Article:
Now, of course this is a very rough and highly porous telling of the story, and though I could fill in much more, I’m sure, highly argumentative, speculative and conspiratorial ideas, many many authors’ contributions I have left out. But this much makes sense: Of the knowing of God, such a one who ironically comes upon his own ends without having posited them beforehand as history, summons (for a Biblical context) Jesus, but without the ability to name him. He stands ‘born of a virgin’, ‘anointed’ by the unknown, ‘delivered’ from the world to his death as course, and ‘delivers’ his own death for the world; he exposes himself in the ‘spirit’ but thereby serves to ‘kill’ what the spirit meant. He stands in the middle of history, revealed into history. Seeing the past, argued backward and told as a beginning for the discrepant, he acts in mode of history, the mean of human possibility for knowing. He is blasphemy and he is the death of God. Yet he is reborn in the world, as himself, yet not himself. Man yet not man, Christ yet not Christ; God but the motion that accuses and destroys the sense of God. He is proof that is obstinately rejected. He speaks but is effectively silent. He is and speaks the truth, and hears in reply only “what is truth?”

And Pilate says to the crowd, “I find no fault in him”; and the crowd yells, “Barabbas” – that thief and murderer, that representative of discrepancy – “free Barabbas!”


How am I able to tell the Big Story? I say I agree, but somehow we disagree. For when I tell how the Big Story has any meaning, it becomes nonsense. Perhaps, Lyotard is too correct.

It is from this point that a ‘new’ philosophy fails, and ironically the question of ‘how a new philosophy could fail or not fail’ is pertinent. It is at this point we may consider what is actually meant by a ‘return’ of the ‘right sense’.

Because, don’t you know, this whole scenario is nonsense. We have to tell how this is the case also.

The Impossible; Part 5. Existence and the Story of Death to Life.

Whew! Those Impossible essays really get thick. So perhaps a rejoining to a more approachable speaking. But hold on! The ride is just getting fun.

I have been interacting through comments and replies with Dave, who writes the blog called “Big Story Guide”. Our conversation is quite wonderful, so, just as I used our conversation for the basis an earlier essay post ( See: Aphilosophy, Convention, Faith and God), I do the same here, and because this latest reply grew to such lengths (even though I think I have posted replies even longer than this one).

The reader can see our extended conversation under the comments of “Issues and Existence”. And please feel free to visit Dave’s blog “Big Story Guide”: http://bigstoryguide.wordpress.com/2-the-death-to-life-project/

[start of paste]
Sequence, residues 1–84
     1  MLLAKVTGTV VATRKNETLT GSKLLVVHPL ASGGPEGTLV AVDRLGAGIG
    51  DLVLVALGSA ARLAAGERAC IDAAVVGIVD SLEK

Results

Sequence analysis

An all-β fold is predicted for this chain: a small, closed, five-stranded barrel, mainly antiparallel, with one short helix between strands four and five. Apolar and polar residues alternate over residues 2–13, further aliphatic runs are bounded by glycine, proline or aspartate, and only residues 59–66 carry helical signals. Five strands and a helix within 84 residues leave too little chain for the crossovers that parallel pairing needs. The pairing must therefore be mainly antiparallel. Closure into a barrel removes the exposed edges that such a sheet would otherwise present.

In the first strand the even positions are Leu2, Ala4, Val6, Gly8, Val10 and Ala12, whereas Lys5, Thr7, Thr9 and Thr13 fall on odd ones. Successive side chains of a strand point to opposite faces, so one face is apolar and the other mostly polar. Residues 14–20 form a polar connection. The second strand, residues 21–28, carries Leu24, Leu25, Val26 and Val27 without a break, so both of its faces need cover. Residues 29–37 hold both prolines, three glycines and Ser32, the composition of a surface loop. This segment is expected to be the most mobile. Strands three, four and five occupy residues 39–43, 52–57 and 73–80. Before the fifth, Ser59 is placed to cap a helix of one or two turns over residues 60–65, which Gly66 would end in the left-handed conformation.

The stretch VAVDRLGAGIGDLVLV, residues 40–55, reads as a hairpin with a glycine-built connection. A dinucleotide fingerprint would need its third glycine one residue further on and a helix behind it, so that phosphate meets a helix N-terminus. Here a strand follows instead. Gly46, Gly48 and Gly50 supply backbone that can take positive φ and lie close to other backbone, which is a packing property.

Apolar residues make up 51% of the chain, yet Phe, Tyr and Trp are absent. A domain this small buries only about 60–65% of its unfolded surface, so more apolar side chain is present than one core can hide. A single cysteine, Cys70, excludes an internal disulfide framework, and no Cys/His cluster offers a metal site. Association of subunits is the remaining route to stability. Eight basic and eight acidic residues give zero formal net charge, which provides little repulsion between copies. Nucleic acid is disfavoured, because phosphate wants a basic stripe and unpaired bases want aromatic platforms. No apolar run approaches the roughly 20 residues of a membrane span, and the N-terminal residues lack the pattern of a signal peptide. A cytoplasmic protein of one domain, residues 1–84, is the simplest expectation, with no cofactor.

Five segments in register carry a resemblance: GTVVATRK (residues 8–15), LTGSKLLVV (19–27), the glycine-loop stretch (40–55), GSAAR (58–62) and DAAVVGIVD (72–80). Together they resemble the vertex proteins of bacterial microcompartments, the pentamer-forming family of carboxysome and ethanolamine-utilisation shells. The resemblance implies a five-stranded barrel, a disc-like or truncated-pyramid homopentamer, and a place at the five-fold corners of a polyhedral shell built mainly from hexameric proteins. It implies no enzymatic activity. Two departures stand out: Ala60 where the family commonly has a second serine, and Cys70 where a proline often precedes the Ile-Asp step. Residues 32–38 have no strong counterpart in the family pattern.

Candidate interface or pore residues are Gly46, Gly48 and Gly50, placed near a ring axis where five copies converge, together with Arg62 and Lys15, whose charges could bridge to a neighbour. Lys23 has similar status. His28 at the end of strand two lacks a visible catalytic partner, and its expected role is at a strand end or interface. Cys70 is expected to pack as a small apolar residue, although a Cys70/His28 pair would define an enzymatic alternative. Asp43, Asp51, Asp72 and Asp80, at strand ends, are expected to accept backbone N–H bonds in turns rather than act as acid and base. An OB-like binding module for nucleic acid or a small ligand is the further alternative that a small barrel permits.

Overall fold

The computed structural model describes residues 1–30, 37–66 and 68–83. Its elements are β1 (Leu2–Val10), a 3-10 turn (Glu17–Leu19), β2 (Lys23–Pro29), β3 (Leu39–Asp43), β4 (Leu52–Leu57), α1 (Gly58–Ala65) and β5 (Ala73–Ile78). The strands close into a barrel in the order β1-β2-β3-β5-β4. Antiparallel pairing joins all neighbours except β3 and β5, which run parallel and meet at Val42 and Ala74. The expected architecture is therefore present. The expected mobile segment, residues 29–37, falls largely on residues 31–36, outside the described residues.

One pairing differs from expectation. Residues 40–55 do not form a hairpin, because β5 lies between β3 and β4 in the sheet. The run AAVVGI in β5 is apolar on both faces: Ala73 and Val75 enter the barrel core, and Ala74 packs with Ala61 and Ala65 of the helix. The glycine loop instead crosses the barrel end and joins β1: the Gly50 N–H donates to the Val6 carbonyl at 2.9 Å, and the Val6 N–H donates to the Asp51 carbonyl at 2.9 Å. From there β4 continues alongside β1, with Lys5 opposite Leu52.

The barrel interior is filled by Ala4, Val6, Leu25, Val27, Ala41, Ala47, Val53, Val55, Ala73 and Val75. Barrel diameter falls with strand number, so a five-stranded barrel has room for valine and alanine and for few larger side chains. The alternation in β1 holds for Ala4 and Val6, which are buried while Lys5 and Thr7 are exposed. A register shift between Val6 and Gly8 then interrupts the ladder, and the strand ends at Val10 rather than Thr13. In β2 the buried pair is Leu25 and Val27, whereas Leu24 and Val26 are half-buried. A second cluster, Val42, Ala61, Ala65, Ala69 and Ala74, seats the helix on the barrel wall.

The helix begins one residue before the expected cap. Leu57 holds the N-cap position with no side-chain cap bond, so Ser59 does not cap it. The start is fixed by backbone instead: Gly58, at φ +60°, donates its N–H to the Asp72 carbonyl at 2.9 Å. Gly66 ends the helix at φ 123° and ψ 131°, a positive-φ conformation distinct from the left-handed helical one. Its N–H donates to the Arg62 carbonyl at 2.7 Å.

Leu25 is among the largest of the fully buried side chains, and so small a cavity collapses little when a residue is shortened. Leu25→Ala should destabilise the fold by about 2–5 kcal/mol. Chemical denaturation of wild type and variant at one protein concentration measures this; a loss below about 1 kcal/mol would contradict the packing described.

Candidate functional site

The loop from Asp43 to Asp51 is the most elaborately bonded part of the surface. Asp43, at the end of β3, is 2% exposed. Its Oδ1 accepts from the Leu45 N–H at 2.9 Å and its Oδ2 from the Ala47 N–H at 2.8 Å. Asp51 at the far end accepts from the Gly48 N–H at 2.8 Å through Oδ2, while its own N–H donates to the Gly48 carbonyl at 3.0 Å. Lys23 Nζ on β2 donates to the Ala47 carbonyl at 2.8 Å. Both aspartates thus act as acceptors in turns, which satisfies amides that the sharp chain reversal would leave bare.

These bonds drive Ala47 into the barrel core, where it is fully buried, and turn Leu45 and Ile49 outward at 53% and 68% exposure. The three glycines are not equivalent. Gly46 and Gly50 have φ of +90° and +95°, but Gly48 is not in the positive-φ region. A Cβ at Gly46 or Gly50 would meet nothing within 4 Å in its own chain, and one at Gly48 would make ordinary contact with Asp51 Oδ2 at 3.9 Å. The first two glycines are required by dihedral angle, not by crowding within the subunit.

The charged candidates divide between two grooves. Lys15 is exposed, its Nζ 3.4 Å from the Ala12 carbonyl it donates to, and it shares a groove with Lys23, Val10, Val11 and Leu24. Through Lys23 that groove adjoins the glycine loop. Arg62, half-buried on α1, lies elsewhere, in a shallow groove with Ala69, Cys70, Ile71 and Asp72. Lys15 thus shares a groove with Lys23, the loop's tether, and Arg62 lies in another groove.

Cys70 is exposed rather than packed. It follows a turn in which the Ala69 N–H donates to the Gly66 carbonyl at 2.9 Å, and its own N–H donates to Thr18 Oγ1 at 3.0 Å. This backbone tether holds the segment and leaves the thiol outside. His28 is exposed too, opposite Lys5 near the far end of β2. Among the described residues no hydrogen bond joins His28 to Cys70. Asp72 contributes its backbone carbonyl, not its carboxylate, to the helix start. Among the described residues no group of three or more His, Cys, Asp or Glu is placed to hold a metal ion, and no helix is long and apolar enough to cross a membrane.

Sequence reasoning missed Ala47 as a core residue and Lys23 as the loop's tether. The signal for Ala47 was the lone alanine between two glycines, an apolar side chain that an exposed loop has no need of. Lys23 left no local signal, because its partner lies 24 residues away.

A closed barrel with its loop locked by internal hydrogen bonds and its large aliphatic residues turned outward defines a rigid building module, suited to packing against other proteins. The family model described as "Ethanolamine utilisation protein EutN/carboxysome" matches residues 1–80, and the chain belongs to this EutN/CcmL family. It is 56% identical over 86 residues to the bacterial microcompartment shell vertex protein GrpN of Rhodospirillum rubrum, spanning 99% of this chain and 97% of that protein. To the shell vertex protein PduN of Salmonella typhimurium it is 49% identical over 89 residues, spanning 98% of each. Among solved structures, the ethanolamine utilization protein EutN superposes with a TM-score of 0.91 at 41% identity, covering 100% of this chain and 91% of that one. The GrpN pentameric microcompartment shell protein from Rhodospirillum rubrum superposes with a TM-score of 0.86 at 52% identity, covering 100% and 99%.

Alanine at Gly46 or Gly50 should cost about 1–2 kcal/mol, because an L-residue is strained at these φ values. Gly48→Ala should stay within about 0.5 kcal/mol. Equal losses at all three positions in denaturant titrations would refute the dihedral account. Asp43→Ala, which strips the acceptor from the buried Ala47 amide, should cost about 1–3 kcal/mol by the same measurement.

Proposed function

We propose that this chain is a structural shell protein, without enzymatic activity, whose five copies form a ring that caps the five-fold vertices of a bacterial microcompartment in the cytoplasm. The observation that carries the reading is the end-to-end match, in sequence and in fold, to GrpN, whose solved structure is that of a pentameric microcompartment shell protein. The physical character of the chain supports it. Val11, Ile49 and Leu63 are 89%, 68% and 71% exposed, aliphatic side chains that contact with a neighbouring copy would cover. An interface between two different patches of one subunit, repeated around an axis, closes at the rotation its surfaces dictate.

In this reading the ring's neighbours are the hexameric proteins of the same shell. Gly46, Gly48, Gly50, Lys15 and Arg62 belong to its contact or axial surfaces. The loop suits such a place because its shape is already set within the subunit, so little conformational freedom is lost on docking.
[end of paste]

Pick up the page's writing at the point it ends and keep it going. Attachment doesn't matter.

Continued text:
We last saw our heros continuing enquiry into each other’s ideas. Dave is curious for a rendition of Lance’s ‘Big Story’, and Lance has been attempting to discover from Dave the significance for the Christian and the non-Christian in the claim of Christ Jesus. Dave (in italics)…

Your notion of “the qualitative motion of history” suggests a bigger story than The Bible tells – a story within which The Bible should be interpreted. So, when you say, “Teaching, method, apprehending or comprehending terms through a particular scheme, is the issue at the heart of the Gospels,” it seems as if you are sort of taking an aerial view of a mansion of reality/truth. You can see Christians entering through one door (scheme) on one side of the mansion while you see Hindus and others entering by other doors (schemes) on other sides of the building

The quality of history reflects an essential motion, where as history itself changes with the times. I think the Bible presents a certain correspondence with these ideas, one ironic, one conventional.

“If that is the case, what is the more faithful rendition of our story, told from that larger view?”

You have captured one of the more insightful philosophical rebuttals to some of the existentialist authors here, one that contributed, I feel, to the discarding post-modernist critiques to a particular era, and the movement beyond it. The larger view is entirely existential, that we are humans doing human things, that has no more meaning than the meaning we have of it at the time, that there is no knowing a true history, that anything anyone can say has to do only with present discursive situations. The question would be then, how could they know of this? The rebuttal is something like the accusation that the so-called existentialist (but Laruelle with his non-philosophy likewise) authors set themselves as a sort of ‘omniscient’ or ‘removed’ viewer, as if their view is not likewise conditioned by the existential situation.